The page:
Review: An Impossible Marriage

An Impossible Marriage, Laurie Krieg and Matt Krieg. Downers Grove: InterVarsity Press, 2020.

Summary: Matt and Laurie Krieg are in a mixed orientation marriage and narrate both the challenges they have faced and what they have learned about God and love as they remained together.

Matt Krieg is attracted to women. And so is Laurie Krieg. They are married to each other. And it hasn’t been easy. Most would consider it impossible. They should just divorce and marry according to their orientations. At one point, they were very close to doing so.

Why did they marry in the first place? Laurie had been in a relationship with a woman when she met Matt. She broke off with the woman, dated Matt for a year and then broke off the relationship. As a follower of Christ, she was willing to be single, “married to Jesus,” as it were. She was still attracted to women. She was committed to a life of ministry. God told her he wanted her to do so as a married woman. To a man. Then Matt came back into the picture. She was honest about her attractions but also her desire to marry Matt.

It seemed that all would be OK. They even weathered Matt’s revelation of his pornography addiction. Then, the birth of Laurie’s second child triggered memories of child sexual abuse and she couldn’t even stand being in the same room as Matt, let alone being touched by him. Sex was off the table. Most of this book is about how Matt and Laurie worked through this seemingly impossible situation and how God met them. Most of the book goes back and forth between Matt and Laurie, and how each of them were processing the relationship.

It was not all about Laurie. Matt had to face how sex was still an idol in his life, not a gift. He came to terms with the “sex as currency” dysfunction of their marriage (I do the dishes so that you will want to have sex). And he recognized the need for affirmation that sex represented, affirmation he didn’t look to God to receive.

For Laurie, a personal retreat brought her to the brink of leaving, and the realization that to do so for her would be to silence the Holy Spirit’s presence in her life. She did not want that. She chose trusting and following Jesus, and returned home. It was only a beginning. She was still triggered often in his presence. She didn’t want to be together. Then she began to wrestle with the meaning of oneness in marriage as a tangible picture of our oneness with God. She began to take half steps toward Matt. Matt let her set the pace. There were breakthroughs of insight, and a slow steady process of becoming friends, holding hands, and going to war in prayer against the memories of abuse.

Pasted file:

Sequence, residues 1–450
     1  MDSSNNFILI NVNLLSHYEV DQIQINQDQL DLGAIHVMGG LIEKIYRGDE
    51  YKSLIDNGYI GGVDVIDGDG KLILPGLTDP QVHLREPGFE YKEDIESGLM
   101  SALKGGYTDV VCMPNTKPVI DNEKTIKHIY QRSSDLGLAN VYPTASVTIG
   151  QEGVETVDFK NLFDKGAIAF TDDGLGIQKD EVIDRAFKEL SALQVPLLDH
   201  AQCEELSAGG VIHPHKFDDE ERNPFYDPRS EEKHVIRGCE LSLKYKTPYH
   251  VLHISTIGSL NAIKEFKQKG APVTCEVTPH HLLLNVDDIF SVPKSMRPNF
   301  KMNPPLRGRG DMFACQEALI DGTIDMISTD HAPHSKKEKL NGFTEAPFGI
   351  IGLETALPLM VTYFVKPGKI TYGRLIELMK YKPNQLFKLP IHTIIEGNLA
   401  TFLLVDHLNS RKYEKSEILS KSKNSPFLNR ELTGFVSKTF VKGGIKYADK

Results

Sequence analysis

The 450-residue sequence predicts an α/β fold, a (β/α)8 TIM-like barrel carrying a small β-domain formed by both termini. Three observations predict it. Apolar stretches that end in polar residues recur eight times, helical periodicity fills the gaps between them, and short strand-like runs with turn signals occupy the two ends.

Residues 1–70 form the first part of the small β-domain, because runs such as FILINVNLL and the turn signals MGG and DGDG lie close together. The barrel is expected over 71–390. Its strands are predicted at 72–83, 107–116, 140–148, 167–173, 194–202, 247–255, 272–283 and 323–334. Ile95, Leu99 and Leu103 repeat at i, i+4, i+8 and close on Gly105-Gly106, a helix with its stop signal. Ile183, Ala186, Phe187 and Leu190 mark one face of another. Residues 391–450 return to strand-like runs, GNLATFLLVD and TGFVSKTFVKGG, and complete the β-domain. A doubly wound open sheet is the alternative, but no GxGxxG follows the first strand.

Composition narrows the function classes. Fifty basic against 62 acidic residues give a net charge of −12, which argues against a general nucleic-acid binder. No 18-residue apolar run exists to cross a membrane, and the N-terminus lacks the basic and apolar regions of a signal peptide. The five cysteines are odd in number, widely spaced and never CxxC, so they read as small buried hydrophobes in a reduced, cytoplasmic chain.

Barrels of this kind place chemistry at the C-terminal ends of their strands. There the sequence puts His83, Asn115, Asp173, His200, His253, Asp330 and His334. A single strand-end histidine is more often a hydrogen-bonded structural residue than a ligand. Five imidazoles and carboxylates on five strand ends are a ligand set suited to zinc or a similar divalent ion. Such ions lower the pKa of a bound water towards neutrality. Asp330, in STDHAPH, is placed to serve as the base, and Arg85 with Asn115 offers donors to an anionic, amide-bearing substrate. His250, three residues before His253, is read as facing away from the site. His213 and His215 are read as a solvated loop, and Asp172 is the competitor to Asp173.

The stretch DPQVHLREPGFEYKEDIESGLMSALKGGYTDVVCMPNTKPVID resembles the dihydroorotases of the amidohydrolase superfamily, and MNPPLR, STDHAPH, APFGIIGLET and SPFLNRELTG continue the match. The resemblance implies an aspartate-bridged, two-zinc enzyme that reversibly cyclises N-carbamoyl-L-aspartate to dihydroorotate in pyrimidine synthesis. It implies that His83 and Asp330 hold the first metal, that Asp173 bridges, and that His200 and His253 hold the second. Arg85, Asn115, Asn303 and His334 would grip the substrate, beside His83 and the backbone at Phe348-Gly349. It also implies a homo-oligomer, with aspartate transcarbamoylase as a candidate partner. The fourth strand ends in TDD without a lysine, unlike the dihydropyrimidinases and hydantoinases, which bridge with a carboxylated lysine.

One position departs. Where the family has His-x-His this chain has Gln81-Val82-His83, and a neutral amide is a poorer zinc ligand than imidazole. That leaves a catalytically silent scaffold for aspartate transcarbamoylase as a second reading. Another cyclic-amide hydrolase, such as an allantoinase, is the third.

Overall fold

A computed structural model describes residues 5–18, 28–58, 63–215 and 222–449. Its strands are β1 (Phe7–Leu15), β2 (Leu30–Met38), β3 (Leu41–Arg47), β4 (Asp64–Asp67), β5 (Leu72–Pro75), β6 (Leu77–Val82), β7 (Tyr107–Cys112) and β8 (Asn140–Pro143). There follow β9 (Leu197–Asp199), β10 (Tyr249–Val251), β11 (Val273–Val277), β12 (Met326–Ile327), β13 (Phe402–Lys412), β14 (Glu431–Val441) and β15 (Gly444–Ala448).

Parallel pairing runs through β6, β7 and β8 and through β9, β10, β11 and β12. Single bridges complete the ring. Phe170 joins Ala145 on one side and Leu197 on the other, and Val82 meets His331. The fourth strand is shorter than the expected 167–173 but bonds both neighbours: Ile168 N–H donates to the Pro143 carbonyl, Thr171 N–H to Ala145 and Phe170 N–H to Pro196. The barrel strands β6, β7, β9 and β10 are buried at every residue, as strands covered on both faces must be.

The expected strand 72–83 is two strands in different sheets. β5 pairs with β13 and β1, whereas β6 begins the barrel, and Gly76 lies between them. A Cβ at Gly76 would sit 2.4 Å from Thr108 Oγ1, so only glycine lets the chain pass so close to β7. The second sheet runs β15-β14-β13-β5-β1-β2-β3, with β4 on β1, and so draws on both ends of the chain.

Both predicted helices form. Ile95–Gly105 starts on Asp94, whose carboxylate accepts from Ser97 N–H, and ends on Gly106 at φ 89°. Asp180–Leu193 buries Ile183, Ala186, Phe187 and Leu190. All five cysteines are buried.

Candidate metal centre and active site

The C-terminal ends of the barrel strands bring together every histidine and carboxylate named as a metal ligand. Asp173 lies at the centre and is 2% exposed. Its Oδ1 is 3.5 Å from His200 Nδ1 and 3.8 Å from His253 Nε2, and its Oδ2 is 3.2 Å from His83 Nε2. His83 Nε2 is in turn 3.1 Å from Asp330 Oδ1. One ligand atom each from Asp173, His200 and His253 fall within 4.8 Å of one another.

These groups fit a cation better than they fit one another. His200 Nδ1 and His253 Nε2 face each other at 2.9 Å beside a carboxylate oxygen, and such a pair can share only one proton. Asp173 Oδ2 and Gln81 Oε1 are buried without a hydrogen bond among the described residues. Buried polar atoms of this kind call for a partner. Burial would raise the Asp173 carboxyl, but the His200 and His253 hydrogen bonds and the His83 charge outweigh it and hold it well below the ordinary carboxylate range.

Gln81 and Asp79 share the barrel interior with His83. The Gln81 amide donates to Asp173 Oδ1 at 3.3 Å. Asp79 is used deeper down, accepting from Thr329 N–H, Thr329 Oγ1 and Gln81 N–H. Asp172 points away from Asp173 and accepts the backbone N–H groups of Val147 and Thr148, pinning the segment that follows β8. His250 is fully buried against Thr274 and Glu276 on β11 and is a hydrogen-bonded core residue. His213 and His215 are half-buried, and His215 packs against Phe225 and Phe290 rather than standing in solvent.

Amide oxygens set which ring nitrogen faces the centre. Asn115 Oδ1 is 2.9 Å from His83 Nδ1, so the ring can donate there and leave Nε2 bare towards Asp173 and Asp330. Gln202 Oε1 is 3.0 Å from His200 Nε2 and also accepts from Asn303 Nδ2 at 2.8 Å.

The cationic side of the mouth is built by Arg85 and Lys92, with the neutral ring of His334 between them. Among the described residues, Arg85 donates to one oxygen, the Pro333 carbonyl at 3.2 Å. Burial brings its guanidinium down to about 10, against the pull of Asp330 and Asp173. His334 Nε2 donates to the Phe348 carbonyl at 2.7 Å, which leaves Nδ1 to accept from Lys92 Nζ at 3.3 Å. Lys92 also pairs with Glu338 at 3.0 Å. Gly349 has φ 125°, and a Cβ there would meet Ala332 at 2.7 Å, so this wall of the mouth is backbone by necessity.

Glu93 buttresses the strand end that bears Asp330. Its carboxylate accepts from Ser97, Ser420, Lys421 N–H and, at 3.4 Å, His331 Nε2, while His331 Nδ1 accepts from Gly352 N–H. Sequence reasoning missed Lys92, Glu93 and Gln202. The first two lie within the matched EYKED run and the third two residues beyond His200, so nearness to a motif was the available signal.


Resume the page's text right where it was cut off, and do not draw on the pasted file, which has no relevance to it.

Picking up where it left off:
It is a powerful story of how God made the impossible possible for this couple. This is not a book meant to be weaponized in the polemics around LGBTQ+ issues. While the authors believe that marriage is meant to be between a man and a woman, they recognize others differ. The book is really for all married couples (and singles as well, according to the authors). Underlying Jesus teaching about marriage and divorce (Matthew 19:1-12) is the reality that marriage is hard, because it lays bare the hardness of the human heart. All hearts. It might be said that all marriages are “impossible” marriages, yet under God, the impossible is used to form us in understanding the love of God and the oneness with Him into which he invites us.

The element of trauma also makes this an important book for those who have experienced trauma as well as those who love them. Laurie makes the point that her sexual attraction and the abuse in her life are separate, and many who experience sexual abuse are heterosexually oriented. What Matt learns about loving Laurie, and the steps Laurie takes to love Matt while they are still struggling offer an example that might be helpful for others

The authors suggest that marriage involves cultivating seven “gardens”: emotional, spiritual, physical, intellectual, social, family, and stewardship. Connection in all of these is important and neglecting one area affects the others. The book includes a study guide couples can use, or even couples groups where there is trust. The book underscores the importance of having others with whom we can be vulnerable.

This is a powerful and honest narrative. Despite the unique circumstances of their marriage, I recognized the challenges all of us face in marriage, and the hope offered for those who trust in Christ that what seems impossible for us at times is possible in Christ.


Disclosure of Material Connection: I received a complimentary review copy of this book from the publisher in exchange for an honest review. The opinions I have expressed are my own.

One thought on “Review: An Impossible Marriage

  1. Pingback: The Month in Reviews: July 2021 | Bob on Books

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